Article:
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Trace Genomics Raises $4M in Seed Investment; Launches Soil Pathogen Test Service

NEW YORK (GenomeWeb) – Trace Genomics, a startup that participated in Illumina's accelerator program under its previous name PathoGn, has raised $4 million in seed investment and launched its first service — a panel that tests for 12 soil-born pathogens that cause disease in lettuce and strawberry crops. 

The company's Cofounders Diane Wu and Poornima Parameswaran told GenomeWeb that the company is initially targeting growers in California's central valley, but that the test is available to anyone to order. Aside from growers, Wu said that international conglomerates like Coca-Cola that work with farmers to increase productivity may be interested in the firm's testing services.

The company is based in San Francisco and has eight full-time employees, but it is rapidly growing, Wu added.

Trace Genomics' test uses Illumina next-generation sequencing, but the real advances are related to its proprietary technologies around the molecular biology, sample prep, quantitation, and bioinformatics that make it more than just a plug-and-play sequencing test, the cofounders said.

In addition, while the initial offering screens for 12 pathogens that impact strawberries and lettuce, the underlying technology is crop agnostic, and the company plans to expand to a broader array of pathogens and crops as it takes aim at the $4 billion worldwide agricultural testing market.

The test costs $199 and has a turnaround time of two to three weeks.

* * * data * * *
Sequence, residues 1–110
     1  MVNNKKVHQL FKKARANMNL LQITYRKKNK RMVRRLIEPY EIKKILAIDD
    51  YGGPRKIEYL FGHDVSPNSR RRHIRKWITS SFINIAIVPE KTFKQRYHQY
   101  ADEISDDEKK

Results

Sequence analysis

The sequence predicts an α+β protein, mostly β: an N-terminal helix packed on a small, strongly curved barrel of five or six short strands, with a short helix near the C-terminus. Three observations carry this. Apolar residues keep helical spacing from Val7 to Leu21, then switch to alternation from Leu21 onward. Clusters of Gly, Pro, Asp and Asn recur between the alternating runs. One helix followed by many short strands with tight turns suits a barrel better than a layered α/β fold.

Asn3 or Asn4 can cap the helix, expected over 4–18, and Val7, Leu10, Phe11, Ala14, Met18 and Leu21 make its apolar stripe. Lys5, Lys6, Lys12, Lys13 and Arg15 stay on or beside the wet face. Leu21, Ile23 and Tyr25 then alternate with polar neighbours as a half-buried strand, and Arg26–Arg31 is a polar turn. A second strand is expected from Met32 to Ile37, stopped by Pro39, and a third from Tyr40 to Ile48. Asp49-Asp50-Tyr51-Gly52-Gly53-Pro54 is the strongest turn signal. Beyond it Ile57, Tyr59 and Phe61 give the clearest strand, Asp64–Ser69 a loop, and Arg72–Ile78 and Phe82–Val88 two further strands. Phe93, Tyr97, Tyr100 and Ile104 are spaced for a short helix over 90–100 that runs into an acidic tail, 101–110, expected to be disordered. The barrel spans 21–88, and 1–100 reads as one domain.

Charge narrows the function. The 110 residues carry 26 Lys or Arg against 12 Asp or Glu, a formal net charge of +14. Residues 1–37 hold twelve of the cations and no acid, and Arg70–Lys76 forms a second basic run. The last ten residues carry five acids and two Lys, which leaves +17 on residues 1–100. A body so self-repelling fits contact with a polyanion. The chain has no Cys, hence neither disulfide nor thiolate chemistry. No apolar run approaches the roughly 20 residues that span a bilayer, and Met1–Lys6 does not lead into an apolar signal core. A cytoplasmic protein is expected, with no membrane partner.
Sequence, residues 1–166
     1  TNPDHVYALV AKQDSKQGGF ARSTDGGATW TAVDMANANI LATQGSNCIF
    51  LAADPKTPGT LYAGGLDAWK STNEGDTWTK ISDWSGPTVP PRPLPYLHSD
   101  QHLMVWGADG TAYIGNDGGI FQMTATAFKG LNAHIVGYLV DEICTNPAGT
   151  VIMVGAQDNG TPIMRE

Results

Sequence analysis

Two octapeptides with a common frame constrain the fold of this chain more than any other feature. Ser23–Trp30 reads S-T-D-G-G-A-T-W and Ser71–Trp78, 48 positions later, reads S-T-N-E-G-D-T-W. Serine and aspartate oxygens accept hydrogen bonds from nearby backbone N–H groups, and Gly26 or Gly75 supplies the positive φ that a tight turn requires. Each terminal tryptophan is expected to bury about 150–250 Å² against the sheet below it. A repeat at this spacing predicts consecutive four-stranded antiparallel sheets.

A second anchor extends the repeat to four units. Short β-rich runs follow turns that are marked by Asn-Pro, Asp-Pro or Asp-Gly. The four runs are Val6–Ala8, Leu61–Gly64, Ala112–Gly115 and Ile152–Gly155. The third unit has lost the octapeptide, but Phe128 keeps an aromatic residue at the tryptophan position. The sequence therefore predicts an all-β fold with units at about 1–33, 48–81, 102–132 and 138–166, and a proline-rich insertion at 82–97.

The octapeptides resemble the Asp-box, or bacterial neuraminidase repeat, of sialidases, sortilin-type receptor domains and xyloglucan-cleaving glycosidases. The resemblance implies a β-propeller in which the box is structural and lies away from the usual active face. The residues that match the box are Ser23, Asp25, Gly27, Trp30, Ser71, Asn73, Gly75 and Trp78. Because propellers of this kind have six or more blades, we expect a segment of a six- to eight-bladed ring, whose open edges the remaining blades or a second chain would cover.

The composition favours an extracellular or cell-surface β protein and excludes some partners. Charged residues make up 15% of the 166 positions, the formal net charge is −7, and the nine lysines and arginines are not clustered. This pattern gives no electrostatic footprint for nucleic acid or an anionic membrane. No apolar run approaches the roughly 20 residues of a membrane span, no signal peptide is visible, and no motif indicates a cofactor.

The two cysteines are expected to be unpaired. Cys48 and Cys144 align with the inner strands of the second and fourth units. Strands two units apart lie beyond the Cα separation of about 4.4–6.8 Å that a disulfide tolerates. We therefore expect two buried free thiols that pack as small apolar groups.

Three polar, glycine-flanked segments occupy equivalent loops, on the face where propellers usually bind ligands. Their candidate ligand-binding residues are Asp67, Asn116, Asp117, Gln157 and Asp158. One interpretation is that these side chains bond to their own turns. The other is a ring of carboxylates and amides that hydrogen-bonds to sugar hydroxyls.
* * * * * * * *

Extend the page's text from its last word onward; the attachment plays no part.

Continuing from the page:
Currently, most soil testing laboratories rely on culture-based methods and PCR to diagnose pathogens, Parameswaran said. But those tests rely on the ability to culture microbes and many cannot be cultured. They also assume the knowledge of the specific strain and only test for one pathogen at a time, she said.

The advantage of using NGS is the ability to look agnostically and at multiple pathogens at once. However, soil is a challenging substrate to work with, Parameswaran said. "It contains a lot of chemical compounds that inhibit the sequencing." In addition, methods to break apart the cells and extract genetic material are crucial, Wu added.

They declined to disclose details of the technologies they developed for their sample prep methods, but said that they are working with academic collaborators to validate the methods and would publish them in a peer-reviewed journal.

The sequencing component itself is a "blend" of targeted and broad methods, Parameswaran said. While the current readout that is delivered to the customer focuses on the 12 pathogens, Paramaswaran said that the sequencing method itself goes beyond a targeted approach, although she said it was not quite a shotgun sequencing approach either. "One approach won't cut it," Parameswaran said. Wu added that the approach was developed in house and is a "broad umbrella" that enables the firm to detect not only the pathogenic microbes, but also the beneficial ones as well.

Trace Genomics also is continuing to develop its molecular biology techniques, Wu said, and is gearing up to offer a test that would look at the beneficial microbiome.